Who would play you in the movie of your life, and what would be the theme song?

Hopefully, a passionate, aspiring actress would play me in a movie – and maybe that would be her big break.


The theme song would have to be a mashup, like Girl Talk-style, because my life is an eclectic set of elements… Someone would probably need to mashup some Memphis jazz from Beale St., James Taylor, Lil’ Wayne, Fiona Apple, The Doobie Brothers, Amos Lee, George Winston, Afrojack & The Partysquad, and a little Justin Timberlake. Good luck to the person who can do that!


How has being an entrepreneur changed you for the better? How has it enriched your life?

Being an entrepreneur has made me more self-aware and empathetic. I was always fairly confident (some may say over-confident…) and entrepreneurship continues to force me to learn the lesson many times over that even when you have the best of intentions and as much strategic foresight as you can muster, you will be wrong at some point. It’s humbling.


Entrepreneurship has also given me clarity in purpose. I’ve always been curious about a variety of subjects and easily became excited about each new idea. While I still consume information on a ton of topics, I’ve tried to prioritize more clearly how I should spend my time, based on what I want to achieve. I’m sure those ambitions will continue to evolve, but focus has made me more strategic in my moves and a more enjoyable person to be around (I think).


Finally, if I woke up one morning and found myself saying, “I hate my job,” I would have no one to blame but myself. So I make sure I have a good time!


What is the tech scene like where you live?

The tech scene in Columbia, Missouri, is thriving because it is not disassociated from other sectors of the economy. Scientists are working with programmers, who are working with designers, who are working with journalists. It’s an incredible ecosystem supported by the City, the University of Missouri and area professionals and organizations. Columbia has a successful history of entrepreneurship, including Influence & Co.,, Veterans United, Zapier and more.





Where can our readers find you?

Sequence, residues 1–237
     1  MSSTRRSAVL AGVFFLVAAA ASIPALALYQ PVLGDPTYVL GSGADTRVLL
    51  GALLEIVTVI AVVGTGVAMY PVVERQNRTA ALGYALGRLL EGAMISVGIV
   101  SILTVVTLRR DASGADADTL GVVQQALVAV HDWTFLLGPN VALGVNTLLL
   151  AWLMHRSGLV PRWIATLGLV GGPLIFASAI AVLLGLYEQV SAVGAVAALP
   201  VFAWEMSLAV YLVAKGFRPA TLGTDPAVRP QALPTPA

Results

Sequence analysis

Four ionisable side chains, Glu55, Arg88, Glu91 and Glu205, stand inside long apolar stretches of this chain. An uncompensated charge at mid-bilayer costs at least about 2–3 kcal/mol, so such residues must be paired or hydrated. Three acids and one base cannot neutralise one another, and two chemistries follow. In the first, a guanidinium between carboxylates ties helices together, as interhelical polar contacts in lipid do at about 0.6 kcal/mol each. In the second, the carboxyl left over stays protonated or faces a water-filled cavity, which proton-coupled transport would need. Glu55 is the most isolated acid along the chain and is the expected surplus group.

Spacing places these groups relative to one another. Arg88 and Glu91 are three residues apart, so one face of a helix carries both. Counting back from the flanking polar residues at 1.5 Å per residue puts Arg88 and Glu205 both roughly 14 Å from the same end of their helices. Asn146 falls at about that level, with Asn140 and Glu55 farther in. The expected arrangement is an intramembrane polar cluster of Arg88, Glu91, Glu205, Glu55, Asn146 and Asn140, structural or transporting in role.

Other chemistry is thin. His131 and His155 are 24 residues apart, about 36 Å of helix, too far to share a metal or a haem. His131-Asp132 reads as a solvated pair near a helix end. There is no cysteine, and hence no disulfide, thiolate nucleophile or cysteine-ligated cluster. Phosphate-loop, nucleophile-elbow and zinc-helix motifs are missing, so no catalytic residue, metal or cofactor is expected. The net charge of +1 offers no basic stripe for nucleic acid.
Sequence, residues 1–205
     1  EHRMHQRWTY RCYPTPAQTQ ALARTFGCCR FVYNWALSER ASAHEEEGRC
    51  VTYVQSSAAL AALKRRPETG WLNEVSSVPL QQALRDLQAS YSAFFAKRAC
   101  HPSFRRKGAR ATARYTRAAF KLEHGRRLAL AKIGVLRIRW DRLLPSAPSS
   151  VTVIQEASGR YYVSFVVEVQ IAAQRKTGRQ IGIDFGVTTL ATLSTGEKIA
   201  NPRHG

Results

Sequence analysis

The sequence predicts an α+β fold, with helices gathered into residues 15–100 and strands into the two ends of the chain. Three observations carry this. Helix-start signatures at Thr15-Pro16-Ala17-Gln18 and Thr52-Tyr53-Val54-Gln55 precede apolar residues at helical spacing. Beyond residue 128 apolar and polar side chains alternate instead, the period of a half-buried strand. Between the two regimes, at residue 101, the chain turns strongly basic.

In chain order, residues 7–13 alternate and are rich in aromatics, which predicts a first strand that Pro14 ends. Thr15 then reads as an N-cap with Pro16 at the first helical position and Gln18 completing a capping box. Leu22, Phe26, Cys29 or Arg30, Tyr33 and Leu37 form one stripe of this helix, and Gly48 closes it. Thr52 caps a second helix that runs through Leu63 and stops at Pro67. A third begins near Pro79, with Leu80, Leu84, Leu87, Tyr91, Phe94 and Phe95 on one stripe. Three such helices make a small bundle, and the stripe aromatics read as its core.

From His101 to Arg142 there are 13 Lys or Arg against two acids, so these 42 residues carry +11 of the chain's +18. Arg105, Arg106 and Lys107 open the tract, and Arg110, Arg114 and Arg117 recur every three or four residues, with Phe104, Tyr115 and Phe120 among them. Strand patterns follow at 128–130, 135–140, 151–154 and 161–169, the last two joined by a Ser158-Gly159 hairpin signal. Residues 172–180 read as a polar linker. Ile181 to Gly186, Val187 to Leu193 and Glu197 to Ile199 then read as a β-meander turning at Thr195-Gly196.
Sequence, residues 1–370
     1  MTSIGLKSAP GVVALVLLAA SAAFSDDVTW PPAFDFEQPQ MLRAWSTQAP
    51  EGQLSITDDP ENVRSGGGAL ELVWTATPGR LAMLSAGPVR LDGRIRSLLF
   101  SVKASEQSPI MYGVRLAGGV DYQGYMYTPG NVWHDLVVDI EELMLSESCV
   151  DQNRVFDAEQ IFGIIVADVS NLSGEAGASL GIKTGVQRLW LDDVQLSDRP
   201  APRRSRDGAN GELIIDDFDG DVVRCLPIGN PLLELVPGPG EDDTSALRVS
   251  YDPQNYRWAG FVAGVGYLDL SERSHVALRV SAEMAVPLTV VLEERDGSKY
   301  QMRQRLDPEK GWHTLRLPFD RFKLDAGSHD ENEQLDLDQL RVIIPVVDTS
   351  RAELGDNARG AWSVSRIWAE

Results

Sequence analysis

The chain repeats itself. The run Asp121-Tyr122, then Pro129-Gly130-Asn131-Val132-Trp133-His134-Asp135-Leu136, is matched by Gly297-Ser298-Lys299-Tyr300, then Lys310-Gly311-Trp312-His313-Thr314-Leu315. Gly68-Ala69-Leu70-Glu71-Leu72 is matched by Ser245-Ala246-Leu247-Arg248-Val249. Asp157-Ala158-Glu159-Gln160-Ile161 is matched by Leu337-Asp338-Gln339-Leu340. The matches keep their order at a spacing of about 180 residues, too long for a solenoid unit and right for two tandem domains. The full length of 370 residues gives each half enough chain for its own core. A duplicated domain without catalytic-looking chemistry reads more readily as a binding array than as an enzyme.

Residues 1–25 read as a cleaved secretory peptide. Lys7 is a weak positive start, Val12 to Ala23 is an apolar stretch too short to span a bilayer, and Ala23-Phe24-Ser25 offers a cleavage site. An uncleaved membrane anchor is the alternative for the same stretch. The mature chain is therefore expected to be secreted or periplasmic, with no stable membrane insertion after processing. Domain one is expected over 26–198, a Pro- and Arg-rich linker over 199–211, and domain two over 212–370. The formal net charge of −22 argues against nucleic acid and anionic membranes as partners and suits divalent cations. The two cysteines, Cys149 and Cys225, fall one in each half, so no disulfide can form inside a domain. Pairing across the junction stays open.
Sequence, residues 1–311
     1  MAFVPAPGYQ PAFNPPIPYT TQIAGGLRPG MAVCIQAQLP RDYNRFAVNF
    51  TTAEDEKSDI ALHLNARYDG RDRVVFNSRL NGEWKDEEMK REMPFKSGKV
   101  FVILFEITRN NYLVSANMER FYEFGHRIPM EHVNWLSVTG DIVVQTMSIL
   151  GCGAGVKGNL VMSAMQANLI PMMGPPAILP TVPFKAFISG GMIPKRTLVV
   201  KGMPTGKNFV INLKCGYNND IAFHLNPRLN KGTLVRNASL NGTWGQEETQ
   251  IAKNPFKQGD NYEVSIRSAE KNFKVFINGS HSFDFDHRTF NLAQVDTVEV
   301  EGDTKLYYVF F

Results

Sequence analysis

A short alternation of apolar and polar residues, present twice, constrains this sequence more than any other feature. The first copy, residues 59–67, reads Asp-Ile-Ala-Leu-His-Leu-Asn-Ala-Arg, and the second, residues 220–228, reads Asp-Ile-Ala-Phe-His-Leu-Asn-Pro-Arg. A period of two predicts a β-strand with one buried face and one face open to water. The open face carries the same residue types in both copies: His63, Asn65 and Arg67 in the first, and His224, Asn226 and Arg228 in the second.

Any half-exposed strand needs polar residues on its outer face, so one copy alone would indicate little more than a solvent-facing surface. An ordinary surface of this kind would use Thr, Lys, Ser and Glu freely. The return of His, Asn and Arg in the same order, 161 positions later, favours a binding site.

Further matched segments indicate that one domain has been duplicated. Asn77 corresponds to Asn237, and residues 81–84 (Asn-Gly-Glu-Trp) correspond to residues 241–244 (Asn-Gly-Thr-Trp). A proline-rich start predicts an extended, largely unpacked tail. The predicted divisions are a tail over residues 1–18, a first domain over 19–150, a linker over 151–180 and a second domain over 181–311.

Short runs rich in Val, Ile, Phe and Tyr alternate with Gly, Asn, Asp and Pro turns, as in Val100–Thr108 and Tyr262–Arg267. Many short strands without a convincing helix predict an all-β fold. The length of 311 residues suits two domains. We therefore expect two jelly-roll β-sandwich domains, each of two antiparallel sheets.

On LinkedIn and Twitter.


How can the KillerStartups community help YOU?

The KillerStartups community can help The Remarkables by:

1. Telling us additional types of subjects or areas to which you think we should expose teams and student groups.

2. Support our CGI U commitment by sponsoring an engagement, bringing awareness to student or young entrepreneurial groups you think may benefit from connecting with Remarkables or getting involved directly in some way.

3. Talk with us about how your team would best benefit from The Remarkables. Even if it’s not something we currently do, we are always looking for additional feedback!


The Remarkables recently made a commitment to the Clinton Global Initiative (CGI). Can you explain your commitment?

At the April 2013 CGI University meeting, The Remarkables committed to connecting groups of students and young entrepreneurs with entrepreneurial Remarkables to discuss problem solving and career design. Our intent is to help spark dialogue within these groups about how to constructively plan careers that solve real problems and create jobs, regardless of whether they plan to launch something on their own or work inside a larger organization.


We’re currently organizing connections with student groups and schools at the middle school, high school and university level, as well as young entrepreneurial groups that are a part of community organizations, business incubators and accelerators and other related groups.


Building on the successful model of the Clinton Global Initiative, President Clinton hosts the CGI U meeting each year for students and youth organizations to create innovative solutions to some of the world’s most pressing challenges.


Photo Credits

Courtesy of startup founder | The Remarkables